So what do I think of the book without dishing out spoilers? It is not the best of the series. I think the third book, The Prisoner from Azkaban, is still the best of the lot. One gets the feeling from reading The Deathly Hallows that it has been written with the movie version in mind. It’s just too compact and leaves very little room for conjuring up one’s own visual imagery. But then again, that’s probably expected since the first five books were turned into monster movie hits before the book series was completed.

There are a number of characters that are left out towards the end of the book. Hagrid fans will be disappointed to note that he only makes an appearance towards the end of the book. One never knows what finally happened to the wickedly fascinating Dolores Umbridge (who is the main antagonist in Book Five, and reappears in this last book). Did Mcgonagall eventually become Headmistress of Hogwarts? The last book focuses chiefly on the three main characters.

And as if to respond to criticism about how the book supposedly promotes anti-Christianity, Deathly Hallows includes some passages from the Bible although the passages are not revealed as such. Of course I have always maintained that the Harry Potter books is actually loaded with a lot of Christian symbolism (Sirius Black was Harry’s godfather which clearly indicates that Harry was baptized).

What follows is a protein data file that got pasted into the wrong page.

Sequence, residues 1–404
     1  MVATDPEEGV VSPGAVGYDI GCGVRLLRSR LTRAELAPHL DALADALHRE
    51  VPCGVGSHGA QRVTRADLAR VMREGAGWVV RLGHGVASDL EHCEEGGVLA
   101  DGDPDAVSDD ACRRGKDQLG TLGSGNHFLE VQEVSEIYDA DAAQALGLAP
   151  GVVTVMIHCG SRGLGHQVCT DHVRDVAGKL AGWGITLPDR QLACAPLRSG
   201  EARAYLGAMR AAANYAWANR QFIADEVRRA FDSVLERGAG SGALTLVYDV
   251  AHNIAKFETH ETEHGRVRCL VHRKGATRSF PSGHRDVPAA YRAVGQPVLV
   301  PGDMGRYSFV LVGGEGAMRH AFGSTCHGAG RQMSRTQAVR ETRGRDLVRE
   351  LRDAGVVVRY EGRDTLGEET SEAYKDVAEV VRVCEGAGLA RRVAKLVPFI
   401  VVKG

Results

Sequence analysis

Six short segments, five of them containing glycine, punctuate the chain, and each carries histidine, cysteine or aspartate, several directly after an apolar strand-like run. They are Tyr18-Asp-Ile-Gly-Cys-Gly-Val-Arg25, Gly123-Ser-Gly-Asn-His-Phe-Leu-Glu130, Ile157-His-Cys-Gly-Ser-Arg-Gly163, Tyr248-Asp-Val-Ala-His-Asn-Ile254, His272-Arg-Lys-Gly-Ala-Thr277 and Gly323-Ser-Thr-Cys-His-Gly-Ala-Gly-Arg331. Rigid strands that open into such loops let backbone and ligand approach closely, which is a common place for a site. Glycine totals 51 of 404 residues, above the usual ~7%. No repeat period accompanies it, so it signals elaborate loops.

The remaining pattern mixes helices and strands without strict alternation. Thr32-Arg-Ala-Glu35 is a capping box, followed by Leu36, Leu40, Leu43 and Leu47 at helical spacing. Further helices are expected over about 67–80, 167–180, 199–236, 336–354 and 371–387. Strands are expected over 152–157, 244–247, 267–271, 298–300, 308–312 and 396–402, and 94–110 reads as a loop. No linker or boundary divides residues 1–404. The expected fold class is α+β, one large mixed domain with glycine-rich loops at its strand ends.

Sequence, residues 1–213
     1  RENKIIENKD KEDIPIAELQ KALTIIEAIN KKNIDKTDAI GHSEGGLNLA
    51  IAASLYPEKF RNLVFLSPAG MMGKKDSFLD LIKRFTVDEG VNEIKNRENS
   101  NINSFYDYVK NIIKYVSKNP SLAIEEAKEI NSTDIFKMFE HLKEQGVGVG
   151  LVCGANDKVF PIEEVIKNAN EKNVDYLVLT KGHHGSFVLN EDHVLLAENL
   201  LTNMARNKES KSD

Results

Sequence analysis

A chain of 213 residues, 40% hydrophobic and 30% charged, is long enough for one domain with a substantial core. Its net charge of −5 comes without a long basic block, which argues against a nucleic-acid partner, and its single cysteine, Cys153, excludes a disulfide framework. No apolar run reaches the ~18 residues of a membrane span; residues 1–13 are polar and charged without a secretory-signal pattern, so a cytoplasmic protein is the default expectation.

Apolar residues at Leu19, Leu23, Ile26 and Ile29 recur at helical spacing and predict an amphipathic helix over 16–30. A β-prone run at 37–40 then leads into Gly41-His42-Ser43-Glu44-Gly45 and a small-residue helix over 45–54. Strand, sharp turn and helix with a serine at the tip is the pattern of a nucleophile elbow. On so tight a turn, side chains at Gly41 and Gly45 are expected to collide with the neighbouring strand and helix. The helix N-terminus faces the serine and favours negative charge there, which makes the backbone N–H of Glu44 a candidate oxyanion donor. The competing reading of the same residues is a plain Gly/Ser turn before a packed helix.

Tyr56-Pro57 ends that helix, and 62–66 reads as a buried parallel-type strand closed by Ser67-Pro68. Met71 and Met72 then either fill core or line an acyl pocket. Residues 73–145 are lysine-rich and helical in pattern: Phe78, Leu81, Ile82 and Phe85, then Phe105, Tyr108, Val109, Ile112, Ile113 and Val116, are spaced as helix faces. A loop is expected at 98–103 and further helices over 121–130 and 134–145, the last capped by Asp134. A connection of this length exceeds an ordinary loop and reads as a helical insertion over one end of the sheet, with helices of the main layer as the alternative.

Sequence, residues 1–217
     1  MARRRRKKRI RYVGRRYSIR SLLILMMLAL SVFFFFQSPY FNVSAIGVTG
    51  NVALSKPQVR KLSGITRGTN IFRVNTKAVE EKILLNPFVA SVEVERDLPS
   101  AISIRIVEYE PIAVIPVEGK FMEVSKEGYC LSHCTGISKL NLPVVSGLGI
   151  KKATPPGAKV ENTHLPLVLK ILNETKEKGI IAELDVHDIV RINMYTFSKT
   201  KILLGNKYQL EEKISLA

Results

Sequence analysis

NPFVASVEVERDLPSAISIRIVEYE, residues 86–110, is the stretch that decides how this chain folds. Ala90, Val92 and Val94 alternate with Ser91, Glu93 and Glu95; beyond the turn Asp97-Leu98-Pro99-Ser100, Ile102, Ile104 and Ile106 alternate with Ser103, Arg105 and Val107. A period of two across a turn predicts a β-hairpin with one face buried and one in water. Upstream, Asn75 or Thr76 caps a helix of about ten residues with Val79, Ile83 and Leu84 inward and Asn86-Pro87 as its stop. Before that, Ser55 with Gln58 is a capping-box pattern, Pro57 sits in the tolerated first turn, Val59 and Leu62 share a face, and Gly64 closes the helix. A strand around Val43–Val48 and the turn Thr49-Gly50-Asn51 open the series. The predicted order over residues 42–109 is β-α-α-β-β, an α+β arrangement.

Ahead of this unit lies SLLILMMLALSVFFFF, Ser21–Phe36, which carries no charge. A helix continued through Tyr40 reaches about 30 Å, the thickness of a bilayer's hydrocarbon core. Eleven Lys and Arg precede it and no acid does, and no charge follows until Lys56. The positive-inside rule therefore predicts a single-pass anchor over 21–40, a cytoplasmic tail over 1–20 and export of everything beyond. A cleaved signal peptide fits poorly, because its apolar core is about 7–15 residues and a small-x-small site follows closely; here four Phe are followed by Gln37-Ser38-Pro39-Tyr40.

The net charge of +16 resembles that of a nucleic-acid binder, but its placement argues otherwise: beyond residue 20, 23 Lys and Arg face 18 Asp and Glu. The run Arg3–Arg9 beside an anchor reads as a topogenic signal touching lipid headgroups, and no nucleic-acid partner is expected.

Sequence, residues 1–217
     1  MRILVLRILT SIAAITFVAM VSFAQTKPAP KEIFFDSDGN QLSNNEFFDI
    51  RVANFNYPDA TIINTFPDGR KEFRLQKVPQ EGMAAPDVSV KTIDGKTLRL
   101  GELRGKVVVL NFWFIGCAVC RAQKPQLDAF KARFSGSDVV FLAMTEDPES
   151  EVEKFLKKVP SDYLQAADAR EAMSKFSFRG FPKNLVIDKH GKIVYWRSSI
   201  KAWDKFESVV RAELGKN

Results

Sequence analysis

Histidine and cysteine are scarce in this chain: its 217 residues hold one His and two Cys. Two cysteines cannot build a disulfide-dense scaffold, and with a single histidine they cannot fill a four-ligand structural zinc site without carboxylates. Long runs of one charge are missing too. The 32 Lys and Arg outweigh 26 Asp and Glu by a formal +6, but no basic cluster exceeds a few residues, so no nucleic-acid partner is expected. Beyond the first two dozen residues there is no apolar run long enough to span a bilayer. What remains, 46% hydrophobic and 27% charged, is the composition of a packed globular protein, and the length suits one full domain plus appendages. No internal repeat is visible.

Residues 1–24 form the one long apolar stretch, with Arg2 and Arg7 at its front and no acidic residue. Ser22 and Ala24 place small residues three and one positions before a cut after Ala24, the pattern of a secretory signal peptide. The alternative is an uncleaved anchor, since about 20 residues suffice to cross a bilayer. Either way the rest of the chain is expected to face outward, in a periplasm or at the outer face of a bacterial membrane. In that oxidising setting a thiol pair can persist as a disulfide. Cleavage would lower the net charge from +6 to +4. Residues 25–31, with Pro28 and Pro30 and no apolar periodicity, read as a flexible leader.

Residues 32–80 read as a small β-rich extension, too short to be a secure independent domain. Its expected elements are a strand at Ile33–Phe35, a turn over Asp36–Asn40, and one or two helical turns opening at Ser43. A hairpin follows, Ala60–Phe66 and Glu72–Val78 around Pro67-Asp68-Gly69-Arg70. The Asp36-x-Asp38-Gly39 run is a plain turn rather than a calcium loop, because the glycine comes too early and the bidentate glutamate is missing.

In this final book, Harry and Hermione visit Godric’s Hallow, the final resting place of Harry’s parents. As they visit some tombs, they read epitaphs that contain passages from the scripture.

There’s a passage from Corinthians “The last enemy that shall be destroyed is death.” “Where your treasure is, there will your heart be also” from the Book of Matthew is the inscription on the tomb of Dumbledore’s mother and sister. Of course, Christmas has always been a constant fixture in all the seven books— this proves even the witches and wizards in the series observe the Christian tradition. So I hope this silences the religious bigots.

So what happens to Harry Potter in the end? Alas, I don’t want to spoil the fun. You just have to read the book to find out. But I am going to miss him and I hope Rowling or someone else comes up with another series of tales that will once again rekindle the joy of reading among kids of all ages. In the end, that is all that matters.